Having spent 10 years developing the UKSA’s deck cadetship, former Cadetship Manager Emma Baggett is working on her next venture with Falmouth Marine School to develop a similar scheme for engineers. The idea first came about four years ago after she was approached by two prominent management companies that both expressed the need for more skilled engineers in the superyacht industry.
The three-year cadetship, which will be delivered from autumn 2019, will mirror the programmes found in the merchant navy and aim to provide a new engineering pathway into the maritime industry. As well providing students with a marine engineering degree and MCA and RYA qualifications alongside mentoring and support, the scheme will be centred around the broader engineering qualification introduced by MIN 524 – the new Small Vessel engineer route allows engineers to cross over between maritime sectors – which Baggett finds particularly exciting.
“For me, this is the future of training,” she explains. “So many crew start in yachting and then find themselves frustrated to have all the skills but unable to transfer between other sectors. Having training and certification amalgamated across a number of sectors means that the skills are transferable. This will benefit the whole maritime community with a pool of professional, well-trained and experienced engineers who are more likely to stay with their careers if they can achieve flexibility in their working lives.”
This interchangeable aspect of the cadetship has also gained the support of leading UK maritime charities, and will hopefully enable the opportunity for some candidates to secure funding for the scheme when the time comes.
The engineering cadetship will essentially follow along the same lines as the UKSA’s Professional Yacht Cadetship, but will require more workshop time (as dictated by the engineering tickets). The cadets, however, will still experience phases employed in the industry as part of the programme. This experience will help to solve the catch-22 situation that engineers entering the industry often find themselves in: they can’t find employment on board without the Marine Engine Operator License (MEOL), yet they can’t apply for a MEOL without the required sea time.
Alongside the opportunity to develop a new training route comes the need to ensure that the training meets the very broad range of skills required of today’s superyacht engineers. “With this year’s launch of a fully hybrid vessel, MY Home, it is also essential that the training is future proofed to be providing relevant skills,” adds Baggett. “By directly asking captains, engineers and crew agents through an online survey what the key skills over and above standard training really are, Falmouth Marine School is hoping to develop the perfect blend of skills.”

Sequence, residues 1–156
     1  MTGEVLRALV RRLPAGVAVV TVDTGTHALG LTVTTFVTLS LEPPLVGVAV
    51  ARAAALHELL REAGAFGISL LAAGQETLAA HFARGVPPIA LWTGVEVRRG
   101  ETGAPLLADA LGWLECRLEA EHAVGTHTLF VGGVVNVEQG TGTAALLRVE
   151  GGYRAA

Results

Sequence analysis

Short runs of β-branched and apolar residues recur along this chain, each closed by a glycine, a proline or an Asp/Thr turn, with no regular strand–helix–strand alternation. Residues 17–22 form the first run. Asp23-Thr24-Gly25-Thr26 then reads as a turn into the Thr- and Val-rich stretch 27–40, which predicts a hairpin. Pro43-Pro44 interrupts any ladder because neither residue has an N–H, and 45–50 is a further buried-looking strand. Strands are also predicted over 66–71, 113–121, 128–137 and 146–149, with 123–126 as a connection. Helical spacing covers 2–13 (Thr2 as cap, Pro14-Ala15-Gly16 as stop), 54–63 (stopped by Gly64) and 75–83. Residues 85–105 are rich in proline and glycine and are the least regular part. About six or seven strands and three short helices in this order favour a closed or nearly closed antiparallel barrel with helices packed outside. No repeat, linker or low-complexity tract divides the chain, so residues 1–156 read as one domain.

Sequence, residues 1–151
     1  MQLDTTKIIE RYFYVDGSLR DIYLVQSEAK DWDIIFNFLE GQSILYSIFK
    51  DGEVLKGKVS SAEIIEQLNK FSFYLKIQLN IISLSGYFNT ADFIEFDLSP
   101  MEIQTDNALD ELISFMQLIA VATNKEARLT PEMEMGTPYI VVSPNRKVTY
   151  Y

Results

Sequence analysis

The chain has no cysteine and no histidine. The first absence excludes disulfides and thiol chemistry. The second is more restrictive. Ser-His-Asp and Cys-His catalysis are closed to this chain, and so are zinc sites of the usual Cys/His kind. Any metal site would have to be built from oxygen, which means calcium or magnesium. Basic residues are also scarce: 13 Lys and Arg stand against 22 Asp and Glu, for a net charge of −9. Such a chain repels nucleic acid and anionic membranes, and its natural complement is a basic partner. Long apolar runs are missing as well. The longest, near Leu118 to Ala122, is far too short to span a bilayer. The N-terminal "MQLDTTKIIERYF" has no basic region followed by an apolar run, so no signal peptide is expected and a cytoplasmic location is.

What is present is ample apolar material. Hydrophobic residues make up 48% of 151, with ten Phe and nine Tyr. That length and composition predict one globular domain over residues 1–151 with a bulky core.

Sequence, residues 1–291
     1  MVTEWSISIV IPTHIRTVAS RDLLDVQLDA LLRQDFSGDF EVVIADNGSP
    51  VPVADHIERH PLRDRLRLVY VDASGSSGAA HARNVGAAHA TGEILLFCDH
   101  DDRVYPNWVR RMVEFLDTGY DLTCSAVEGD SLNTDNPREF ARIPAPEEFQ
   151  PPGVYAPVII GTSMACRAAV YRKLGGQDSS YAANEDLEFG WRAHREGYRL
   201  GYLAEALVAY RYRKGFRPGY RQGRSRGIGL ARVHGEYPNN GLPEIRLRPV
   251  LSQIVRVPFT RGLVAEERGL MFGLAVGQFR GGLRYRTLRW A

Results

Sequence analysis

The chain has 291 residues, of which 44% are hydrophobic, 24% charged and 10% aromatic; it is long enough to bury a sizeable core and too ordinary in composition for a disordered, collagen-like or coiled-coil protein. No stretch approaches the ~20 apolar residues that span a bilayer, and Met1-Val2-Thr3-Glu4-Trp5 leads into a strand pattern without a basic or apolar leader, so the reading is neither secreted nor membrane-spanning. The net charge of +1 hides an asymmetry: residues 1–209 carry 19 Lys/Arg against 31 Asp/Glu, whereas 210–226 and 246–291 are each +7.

While the new cadetship, as well as the other deck cadetships that are currently available in the industry, may seem like an excellent way of bringing professionally trained and dedicated crewmembers into the superyacht industry, Baggett admits that the hardest thing about setting up these schemes is getting the industry to support them.
“People tend to have a very cynical view of training providers and initially many thought the introduction of cadetships were produced as just another expensive course to make money, but right from the start the intention was and still is, to increase the number of candidates with long-term career prospects by providing relevant training and support,” she explains. “As with anything new, it took a while for the industry to take us seriously, but once they experienced the professionalism of the cadets the captains and crew agents actively supported the concept and continue to do so, and employment opportunities are no longer an issue.”
Well known for its specialism in marine engineering, boat building, adventure sports and marine sciences, Falmouth Marine School has a range of developments planned over the coming years (as part of its Marine-i Project) and is particularly looking at expanding its range of training to encourage young people into careers at sea. As well as working on the upcoming engineering cadetship, they are also looking at introducing an academic maritime qualification for 16-to-18 year olds, aimed at teenagers who know they want a career in the maritime industry and want to use this time usefully.
“Such a qualification would help candidates get a head start in the industry and gain experience and qualifications relevant towards their future maritime career, instead of having to tread water for two years after completing their GCSEs by doing more conventional academic courses,” Baggett concludes. “It is vital that there are a number of routes to entry in all areas of the industry. Not everyone is looking for a long-term career, or wishes to follow a degree route, however for those serious about a long-term commitment, the cadetship route provides individuals with the training and support to achieve their aspirations within an extraordinary industry.”
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